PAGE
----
Is God Dead? In Western Europe, It Sure Can Look That Way. That's the headline of the provocative cover story in Newsweek's July 12 international edition.
The article presents data on one of the major stories of the twentieth century: the collapse of Christian practice in Western Europe. With the exception of Italy (29.4%) and Ireland (63.2%), it is difficult to find a country where more than a fifth of the population claims to go to church “regularly.” In Paris, the figure is less than 5% — and other cities in Europe are not much better. Indeed, Newsweek correctly judges Western Europe to be “a post-Christian continent.”
The article focuses on the consequences for the churches of the “death of God.” It quotes Anglican primate Dr. George Carey of Canterbury saying that the Church of England was “one generation away from extinction.”
Other sources offer the tired blather that people are still seeking the same spiritual dimension but in different places, as if the God of the First Commandment could be adequately replaced by reading Chicken Soup for the Soul or indulging in a little ersatz Buddhism.
Newsweek may exaggerate the point by claiming that “Christianity has become an alternative lifestyle — as wacky as atheism once seemed,” but there is no point opposing the evidence that Western Europe has been unfaithful to its baptismal promises. In fact, Pope John Paul II suggested as much in France nearly 20 years ago.
The operative question is: What are the consequences for society of the “death of God?” One might pose Newsweek's question a little differently: Is Western Europe Dead?
Western Europe is dying — of old age. Falling birthrates have meant that the old nations of Europe are getting older. The nations that once conquered the farthest corners of the globe are witnessing the demographic conquest of their capitals by their former colonial subjects, with the social and racial tensions to match. Birth rates tend to plunge during times of great stress or when the future is bleak — times of war or famine, for example. Thus the dearth of children is a stark confession of a lack of hope in the future.
The fearfulness of Western Europe might be a reaction to the bloody toll wrought by the grand schemes and false utopias of the past two hundred years. In 1789 the blood started flowing in earnest, and Europe has been wracked ever since by revolutions and wars — save for the “peace” of the Cold War, achieved by Western Europe (and America) consigning Eastern Europe to the Soviet empire. The collapse of communism held out the great prospect of true peace. At least, until the massacres resumed in the Balkans.
Perhaps Western Europe, the land of explorers and missionaries, has simply tired of the great adventures of the spirit and has become willing to settle for a future concerned with more mundane matters. The European Union has been Western Europe's overarching post-war project. But matters of organization — common currencies and joint regulation of food safety standards and the like — will not be a sufficient foundation for a common project worthy of the European heritage. The building of a superstate (and even that project is not universally supported) cannot be an end in itself. Can it be that the same peoples who built the cathedrals and castles of the past now want a monster bureaucracy in Brussels as their enduring monument?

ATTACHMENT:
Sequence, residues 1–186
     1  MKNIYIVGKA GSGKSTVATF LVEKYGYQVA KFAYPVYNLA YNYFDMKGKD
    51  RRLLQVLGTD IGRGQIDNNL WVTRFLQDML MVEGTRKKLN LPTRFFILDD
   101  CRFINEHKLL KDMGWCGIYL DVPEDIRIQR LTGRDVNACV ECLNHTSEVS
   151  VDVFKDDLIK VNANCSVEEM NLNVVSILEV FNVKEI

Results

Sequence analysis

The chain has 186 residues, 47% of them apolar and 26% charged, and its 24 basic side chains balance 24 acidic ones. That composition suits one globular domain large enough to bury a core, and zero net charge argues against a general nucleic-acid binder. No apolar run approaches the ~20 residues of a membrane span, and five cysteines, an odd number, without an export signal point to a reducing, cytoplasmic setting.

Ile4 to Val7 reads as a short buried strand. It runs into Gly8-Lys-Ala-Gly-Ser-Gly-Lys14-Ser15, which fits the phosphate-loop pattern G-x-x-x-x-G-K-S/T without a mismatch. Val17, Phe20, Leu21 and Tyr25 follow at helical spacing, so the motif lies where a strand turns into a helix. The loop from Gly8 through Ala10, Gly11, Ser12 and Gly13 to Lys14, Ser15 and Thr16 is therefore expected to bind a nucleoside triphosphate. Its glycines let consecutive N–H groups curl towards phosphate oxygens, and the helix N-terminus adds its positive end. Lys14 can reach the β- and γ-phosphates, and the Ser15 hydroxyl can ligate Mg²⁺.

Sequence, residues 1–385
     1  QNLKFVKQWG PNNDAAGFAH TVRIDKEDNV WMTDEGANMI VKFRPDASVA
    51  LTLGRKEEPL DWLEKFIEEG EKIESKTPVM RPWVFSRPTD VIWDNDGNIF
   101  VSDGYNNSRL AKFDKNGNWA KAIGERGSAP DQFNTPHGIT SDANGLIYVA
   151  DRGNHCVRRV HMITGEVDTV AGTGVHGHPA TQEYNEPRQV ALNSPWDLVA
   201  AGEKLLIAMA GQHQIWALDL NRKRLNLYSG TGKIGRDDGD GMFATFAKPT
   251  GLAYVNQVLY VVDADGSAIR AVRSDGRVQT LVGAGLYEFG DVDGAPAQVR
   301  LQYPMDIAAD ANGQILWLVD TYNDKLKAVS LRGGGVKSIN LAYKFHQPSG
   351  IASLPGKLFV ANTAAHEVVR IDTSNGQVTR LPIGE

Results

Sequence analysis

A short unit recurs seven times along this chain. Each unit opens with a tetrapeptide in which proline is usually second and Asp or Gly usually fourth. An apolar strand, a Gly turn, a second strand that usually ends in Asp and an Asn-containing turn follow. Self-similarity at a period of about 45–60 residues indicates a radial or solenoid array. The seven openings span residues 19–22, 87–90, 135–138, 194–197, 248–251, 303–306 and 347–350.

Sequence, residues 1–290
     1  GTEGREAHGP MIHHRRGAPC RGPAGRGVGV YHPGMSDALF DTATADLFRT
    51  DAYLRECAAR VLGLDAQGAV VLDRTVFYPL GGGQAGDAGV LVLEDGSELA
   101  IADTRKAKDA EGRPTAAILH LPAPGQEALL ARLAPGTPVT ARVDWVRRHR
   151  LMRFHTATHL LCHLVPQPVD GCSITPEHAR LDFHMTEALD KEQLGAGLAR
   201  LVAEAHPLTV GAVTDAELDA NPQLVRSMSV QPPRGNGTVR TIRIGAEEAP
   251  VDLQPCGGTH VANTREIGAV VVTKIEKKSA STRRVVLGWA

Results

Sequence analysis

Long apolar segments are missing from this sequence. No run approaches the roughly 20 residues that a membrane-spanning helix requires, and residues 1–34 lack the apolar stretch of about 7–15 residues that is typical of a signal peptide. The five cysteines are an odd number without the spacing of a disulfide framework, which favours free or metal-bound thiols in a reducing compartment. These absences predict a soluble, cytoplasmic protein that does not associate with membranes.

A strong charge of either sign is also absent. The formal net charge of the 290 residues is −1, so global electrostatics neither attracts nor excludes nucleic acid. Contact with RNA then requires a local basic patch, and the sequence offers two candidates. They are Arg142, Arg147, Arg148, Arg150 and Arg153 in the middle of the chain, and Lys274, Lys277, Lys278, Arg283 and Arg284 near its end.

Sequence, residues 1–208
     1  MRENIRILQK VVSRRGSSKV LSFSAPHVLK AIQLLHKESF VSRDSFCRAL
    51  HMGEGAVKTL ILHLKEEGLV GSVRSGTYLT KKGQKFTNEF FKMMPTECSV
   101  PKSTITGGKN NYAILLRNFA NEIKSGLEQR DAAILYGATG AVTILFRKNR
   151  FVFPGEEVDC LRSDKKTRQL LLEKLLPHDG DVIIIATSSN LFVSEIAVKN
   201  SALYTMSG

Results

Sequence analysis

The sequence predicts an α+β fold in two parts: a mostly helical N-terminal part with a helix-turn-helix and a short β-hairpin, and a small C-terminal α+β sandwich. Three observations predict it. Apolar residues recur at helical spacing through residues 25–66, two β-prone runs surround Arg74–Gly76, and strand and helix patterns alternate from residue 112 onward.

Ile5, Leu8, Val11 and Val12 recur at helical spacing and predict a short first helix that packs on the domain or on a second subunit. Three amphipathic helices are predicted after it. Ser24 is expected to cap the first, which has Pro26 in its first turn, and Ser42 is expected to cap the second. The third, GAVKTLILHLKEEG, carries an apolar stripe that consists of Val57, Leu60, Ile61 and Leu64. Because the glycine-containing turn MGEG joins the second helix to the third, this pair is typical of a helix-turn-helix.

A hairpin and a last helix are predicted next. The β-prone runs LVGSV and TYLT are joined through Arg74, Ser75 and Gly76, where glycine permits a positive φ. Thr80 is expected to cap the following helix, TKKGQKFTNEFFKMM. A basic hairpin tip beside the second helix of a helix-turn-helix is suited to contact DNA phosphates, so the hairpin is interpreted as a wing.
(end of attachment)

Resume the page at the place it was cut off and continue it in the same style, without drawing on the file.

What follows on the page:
“It is not true, as is sometimes said, that man cannot organize the world without God,” wrote Henri de Lubac in The Drama of Atheistic Humanism, trying to understand Europe's failed experiments in totalitarianism. “What is true is that, without God, he can ultimately organize it only against man.”
Western Europe is busy organizing its world again, 10 years after the Berlin Wall fell, and 10 weeks after the most recent European war finished. The task of re-organization now involves the newly freed “other half” of Europe, from the Baltics to the Balkans.
It seems unlikely that this new Europe will organize itself in an old-style totalitarian fashion again, but absent any transcendent horizon, what kind of Europe will emerge? If Europe abandons its Christian identity — which is what united Europe in the first instance — will a common agricultural policy provide a sufficient substitute?
The story of the European turmoil of the past 200 years can be read as the consequence of revolutions that sought to organize Europe according to, as George Weigel puts it, “ultra-mundane theories of redemption.” If the Europe of the 21st century attempts the same thing, merely substituting the shiny baubles of consumer culture for the ideologies of race and class, are there any grounds for confidence that the results won't be the same?
The specter of amoral medicine run amok is already haunting Europe. Will those who killed God have any reason not to kill the weak, the aged, the disabled and the genetically “inferior” in their midst?
Frank Sheed, the great Catholic apologist, wrote that the most important war of his time — and he lived through both world wars — was a battle over whether God was dead or alive. “On one side were those who hold that all the world's problems must be solved within the boundaries of the world. On the other are those who hold that without God and his Christ and the spiritual soul and the world to come, no problems can be solved.”
Is God dead in Western Europe? If he is, can Western Europe long survive?
Raymond de Souza writes from Rome.